1c. I have never considered myself a minimalist, or at least an intentional minimalist. (Being a tightwad is not necessarily the same as being a minimalist.) Recently, though, I've been reading some of the Project 333 posts: that is, cutting down what you wear (daytime clothes, shoes and accessories) to 33 items for a 3-month period. I didn't have much more than that anyway (and in some respects not enough). But just going through the thought process of it was interesting: for instance, the idea that you might own six scarves (or whatever), but decide to wear only two of them for the next while. Then when you switch things around and pull out one that was stored, it feels more like having something "new." Much like rotating children's toys: it gives them a chance to better appreciate what they have. Or eating seasonally: we get fresh plums only in late summer and fall, so they're anticipated and enjoyed during that time.

It also gave me a better sense of what things to look for at the thrift shop (got enough x, fresh out of y).
2. Mr. Fixit found a can of 3 in 1 oil on clearance. The funny part is that he just finished off his grandpa's old can of oil. Grandpa died the year we were married, so that's what you call really making something last.

3. Lydia has a part in her school musical next month. She had to supply her own shoes, by this week, and they had to be Victorian-style Oxford shoe-boots with heels. Miraculously, a pair in her size showed up on a clearance table for $12. (Maybe next year they should put on "Barefoot in the Park.")

Wednesday, January 27, 2016

Wednesday Hodgepodge: Cream in the Coffee Edition


1. Share a winter memory from your childhood.

Oh--probably the blizzard of late January 1977, thirty-nine years ago.



2. What was on your blog this time last year? (Besides the Hodgepodge of course!) If you weren't blogging, what in the world were you doing with all that free time?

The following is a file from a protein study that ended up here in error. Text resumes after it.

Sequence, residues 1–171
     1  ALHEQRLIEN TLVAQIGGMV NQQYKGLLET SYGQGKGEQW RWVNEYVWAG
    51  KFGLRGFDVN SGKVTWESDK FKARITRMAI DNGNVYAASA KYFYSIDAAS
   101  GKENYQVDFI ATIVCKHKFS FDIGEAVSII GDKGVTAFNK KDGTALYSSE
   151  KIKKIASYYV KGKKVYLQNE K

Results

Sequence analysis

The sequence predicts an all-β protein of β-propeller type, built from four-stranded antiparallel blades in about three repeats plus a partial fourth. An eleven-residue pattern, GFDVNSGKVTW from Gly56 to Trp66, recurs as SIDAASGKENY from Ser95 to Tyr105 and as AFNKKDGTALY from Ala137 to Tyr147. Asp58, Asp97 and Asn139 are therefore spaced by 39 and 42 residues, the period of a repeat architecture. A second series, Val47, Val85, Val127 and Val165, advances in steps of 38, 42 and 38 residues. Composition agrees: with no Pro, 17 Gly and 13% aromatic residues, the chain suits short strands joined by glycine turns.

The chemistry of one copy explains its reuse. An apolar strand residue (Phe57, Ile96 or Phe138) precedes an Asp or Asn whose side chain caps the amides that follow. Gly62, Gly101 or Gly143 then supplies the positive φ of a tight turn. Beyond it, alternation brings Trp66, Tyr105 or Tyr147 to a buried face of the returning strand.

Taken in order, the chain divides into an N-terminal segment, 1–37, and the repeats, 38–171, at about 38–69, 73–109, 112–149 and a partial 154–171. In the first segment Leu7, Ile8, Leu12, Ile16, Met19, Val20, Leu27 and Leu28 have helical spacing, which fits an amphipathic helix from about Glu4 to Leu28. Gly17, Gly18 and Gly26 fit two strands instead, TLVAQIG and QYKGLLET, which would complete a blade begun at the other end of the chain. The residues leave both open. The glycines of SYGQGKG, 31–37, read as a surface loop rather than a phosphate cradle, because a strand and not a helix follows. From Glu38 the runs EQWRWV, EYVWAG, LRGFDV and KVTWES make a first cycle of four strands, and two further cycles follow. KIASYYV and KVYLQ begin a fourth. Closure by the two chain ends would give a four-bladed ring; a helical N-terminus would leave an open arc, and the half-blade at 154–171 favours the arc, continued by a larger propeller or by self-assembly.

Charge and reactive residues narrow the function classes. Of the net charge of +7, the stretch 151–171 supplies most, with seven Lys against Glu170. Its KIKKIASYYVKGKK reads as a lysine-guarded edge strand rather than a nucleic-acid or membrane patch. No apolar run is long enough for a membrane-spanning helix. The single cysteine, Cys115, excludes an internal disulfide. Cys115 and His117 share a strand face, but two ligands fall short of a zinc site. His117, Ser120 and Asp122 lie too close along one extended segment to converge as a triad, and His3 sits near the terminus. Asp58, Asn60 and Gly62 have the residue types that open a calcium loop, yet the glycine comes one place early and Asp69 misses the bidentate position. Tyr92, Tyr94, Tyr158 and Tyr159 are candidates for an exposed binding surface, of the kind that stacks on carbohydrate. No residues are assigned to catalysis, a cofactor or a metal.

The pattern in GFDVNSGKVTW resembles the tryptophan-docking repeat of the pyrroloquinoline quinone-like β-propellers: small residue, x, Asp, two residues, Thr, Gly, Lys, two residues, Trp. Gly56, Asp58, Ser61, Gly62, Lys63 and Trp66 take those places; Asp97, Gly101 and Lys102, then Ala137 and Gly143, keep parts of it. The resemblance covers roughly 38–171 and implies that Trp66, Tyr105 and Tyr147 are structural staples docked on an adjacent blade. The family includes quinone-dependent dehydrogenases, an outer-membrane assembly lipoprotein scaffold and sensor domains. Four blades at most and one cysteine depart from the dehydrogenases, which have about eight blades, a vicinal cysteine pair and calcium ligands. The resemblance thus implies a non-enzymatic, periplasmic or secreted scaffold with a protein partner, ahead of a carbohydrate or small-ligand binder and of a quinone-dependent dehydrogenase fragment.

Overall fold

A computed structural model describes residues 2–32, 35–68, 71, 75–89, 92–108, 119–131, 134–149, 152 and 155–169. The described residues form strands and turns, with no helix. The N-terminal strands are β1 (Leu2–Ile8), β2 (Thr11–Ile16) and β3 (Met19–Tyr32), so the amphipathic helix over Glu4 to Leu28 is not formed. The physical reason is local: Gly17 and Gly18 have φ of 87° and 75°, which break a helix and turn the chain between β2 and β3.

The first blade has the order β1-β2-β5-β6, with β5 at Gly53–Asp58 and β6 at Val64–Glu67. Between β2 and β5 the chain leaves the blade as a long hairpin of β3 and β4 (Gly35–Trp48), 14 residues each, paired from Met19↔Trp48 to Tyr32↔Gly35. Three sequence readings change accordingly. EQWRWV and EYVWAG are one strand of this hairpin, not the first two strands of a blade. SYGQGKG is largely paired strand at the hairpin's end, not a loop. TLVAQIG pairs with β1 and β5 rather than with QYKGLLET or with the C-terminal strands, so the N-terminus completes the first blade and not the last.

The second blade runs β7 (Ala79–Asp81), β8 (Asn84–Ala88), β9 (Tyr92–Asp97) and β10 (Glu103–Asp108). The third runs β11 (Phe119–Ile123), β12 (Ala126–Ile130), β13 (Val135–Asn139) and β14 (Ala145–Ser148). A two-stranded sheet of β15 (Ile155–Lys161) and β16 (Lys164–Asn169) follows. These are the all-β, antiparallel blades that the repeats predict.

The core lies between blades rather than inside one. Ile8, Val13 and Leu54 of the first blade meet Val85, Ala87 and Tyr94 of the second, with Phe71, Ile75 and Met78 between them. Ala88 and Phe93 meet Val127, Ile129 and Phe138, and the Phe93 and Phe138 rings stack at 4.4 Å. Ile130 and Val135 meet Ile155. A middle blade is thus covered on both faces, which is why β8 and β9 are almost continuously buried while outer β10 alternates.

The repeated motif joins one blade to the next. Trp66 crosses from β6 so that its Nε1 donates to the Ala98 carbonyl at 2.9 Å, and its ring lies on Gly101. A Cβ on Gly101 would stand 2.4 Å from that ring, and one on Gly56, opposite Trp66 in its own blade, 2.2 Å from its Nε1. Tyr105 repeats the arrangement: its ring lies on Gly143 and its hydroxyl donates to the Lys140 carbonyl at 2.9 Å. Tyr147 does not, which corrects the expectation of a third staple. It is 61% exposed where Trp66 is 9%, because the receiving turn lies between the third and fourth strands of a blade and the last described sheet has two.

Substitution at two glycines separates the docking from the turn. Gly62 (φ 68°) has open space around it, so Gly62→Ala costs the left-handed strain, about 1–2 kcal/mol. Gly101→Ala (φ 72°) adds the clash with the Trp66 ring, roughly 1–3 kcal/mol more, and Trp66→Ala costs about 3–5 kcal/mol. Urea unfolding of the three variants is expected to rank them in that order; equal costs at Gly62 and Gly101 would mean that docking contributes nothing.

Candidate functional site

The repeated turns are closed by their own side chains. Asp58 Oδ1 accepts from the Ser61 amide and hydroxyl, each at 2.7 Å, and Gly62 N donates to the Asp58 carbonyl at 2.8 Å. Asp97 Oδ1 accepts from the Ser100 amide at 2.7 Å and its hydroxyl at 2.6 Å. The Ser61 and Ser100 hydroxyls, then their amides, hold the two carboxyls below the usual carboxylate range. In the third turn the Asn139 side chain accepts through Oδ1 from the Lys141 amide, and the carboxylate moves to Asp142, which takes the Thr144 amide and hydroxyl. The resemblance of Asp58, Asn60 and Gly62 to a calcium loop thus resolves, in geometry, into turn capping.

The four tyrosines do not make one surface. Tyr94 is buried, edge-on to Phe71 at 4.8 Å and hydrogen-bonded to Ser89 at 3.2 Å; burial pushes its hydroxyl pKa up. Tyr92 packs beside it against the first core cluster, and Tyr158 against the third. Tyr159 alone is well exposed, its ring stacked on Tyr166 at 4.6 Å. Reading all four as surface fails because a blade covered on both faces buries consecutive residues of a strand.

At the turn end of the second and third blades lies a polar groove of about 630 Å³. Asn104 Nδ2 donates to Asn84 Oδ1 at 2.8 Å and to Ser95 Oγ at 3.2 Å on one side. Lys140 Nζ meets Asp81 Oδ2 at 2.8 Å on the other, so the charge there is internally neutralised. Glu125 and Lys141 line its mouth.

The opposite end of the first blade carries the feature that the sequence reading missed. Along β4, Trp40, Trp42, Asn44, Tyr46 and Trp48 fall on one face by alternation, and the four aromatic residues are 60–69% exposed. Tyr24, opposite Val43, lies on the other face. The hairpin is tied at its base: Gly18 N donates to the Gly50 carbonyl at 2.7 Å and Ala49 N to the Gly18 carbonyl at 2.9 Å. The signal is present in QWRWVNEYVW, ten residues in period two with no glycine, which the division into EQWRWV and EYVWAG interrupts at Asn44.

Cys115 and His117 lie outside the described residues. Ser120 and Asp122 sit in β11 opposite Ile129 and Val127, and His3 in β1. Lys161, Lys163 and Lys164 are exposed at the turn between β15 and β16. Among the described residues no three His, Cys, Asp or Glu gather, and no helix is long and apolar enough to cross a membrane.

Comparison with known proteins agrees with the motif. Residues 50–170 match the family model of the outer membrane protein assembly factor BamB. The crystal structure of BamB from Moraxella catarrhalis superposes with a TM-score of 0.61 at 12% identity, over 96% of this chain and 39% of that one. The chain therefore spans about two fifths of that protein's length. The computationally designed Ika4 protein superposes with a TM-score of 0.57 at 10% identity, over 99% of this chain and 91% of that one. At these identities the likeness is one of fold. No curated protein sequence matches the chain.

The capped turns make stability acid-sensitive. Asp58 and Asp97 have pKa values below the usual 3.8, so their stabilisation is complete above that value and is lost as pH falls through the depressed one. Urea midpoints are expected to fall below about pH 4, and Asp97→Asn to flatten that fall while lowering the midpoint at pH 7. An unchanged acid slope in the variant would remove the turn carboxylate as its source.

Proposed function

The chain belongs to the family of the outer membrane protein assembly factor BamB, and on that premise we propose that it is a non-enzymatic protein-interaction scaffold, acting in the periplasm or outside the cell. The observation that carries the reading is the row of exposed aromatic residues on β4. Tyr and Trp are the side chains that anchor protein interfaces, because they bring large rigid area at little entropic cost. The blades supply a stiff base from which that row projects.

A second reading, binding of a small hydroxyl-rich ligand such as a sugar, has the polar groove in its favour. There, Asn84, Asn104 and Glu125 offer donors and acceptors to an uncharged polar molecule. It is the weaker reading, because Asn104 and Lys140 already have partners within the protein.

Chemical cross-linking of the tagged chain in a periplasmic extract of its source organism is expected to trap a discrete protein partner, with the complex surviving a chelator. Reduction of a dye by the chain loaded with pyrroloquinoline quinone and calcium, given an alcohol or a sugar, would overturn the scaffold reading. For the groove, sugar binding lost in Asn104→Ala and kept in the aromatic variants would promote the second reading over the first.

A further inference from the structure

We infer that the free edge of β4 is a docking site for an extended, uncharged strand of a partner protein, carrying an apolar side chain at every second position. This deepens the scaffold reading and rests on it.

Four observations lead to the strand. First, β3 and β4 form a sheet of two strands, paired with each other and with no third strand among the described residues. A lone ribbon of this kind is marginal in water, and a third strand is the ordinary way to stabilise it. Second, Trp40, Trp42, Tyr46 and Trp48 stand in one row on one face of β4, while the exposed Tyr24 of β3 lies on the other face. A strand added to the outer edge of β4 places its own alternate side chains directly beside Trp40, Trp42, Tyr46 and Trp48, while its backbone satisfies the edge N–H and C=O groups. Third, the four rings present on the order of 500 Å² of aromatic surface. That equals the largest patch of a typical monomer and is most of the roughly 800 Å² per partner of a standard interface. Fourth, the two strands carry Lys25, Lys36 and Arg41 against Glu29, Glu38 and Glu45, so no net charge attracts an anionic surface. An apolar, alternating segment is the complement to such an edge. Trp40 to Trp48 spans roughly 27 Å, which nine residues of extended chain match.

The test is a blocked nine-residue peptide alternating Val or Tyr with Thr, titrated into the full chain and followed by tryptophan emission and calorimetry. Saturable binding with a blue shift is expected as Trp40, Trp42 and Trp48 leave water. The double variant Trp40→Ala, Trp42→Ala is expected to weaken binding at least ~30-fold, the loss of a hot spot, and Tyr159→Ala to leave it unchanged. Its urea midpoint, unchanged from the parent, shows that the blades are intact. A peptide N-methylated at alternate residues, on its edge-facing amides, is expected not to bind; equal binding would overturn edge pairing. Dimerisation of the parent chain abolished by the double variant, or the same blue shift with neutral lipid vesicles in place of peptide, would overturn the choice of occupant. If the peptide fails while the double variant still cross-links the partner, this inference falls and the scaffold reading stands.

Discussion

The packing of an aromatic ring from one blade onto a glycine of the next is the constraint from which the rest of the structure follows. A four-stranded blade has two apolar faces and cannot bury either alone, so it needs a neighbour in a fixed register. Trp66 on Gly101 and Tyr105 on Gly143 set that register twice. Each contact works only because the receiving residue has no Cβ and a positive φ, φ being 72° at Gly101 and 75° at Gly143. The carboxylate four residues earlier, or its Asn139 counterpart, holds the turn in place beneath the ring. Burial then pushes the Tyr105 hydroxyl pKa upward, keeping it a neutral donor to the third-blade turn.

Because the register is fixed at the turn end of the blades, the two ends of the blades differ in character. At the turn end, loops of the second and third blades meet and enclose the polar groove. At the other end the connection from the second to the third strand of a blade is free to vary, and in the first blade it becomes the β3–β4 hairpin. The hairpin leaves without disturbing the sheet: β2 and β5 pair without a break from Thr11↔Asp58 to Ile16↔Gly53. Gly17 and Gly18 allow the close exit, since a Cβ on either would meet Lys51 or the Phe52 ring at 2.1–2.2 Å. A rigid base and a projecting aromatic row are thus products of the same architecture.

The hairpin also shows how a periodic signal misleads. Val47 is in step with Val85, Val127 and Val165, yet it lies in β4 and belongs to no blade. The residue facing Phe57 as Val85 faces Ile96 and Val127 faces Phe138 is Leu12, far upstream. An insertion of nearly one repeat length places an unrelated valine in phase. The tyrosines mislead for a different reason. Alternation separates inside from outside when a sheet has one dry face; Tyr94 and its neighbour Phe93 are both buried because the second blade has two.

A lot of homeschooling and some "what's for supper." I was starting to think about writing a book.

3. Ellen Goodman is quoted as saying, 'We spend January 1 walking through our lives, room by room, drawing up a list of work to be done, cracks to be patched. Maybe this year, to balance the list, we ought to walk through the rooms of our lives...not looking for flaws, but for potential.'

Do you see more flaws or more potential in your life at the start of a new year? Have you done anything specific this month to address either one? Does the new year truly begin for you on January 1, or is there some other month of the year that feels like a fresh start and new beginning?

Hah, this is interesting because I spent this morning putting board games into "keep" and "donate" piles. Not sure if that addresses a flaw or adds potential (empty shelves in the closet). I think of it more as a natural transition, and it's something that I'm not sure perfectly-organized people think of when they're carefully labelling plastic drawers etc.: children grow up, and whether their toys are messy or super-organized, one day before you realize it, their favourite stuff will be yesterday's treasures. Unless you're running a daycare or have ongoing grandchildren, what's on the shelves won't be static. This goes for adults too: we stop wearing one style of clothes and try another, we don't eat desserts as much, we buy new curtains, we change, we move on.
 
Game sorting update (photo below): Everything we kept fit on one shelf of the closet, except for a large Backgammon set and one old toy of Lydia's which didn't really need to be in there anyway. I never would have thought.
4. Who's an athlete you admire or respect and why?

Glenn Cunningham.

5. Do you like cream in your coffee? Whipped cream on your pumpkin pie? Cream cheese on a bagel? Sour cream on a baked potato? Cream of wheat for breakfast? Have you ever had a scone with clotted cream? Of all the creamy foods mentioned, which one sounds most appealing to you right this very minute?

Most of the above, except for Cream of Wheat: wallpaper paste for breakfast. I like baked potato soup with cream cheese in it. If I didn't already have chicken cacciatore going in the slow cooker (from our freezer meals), that might have sent me off to make some. Maybe tomorrow.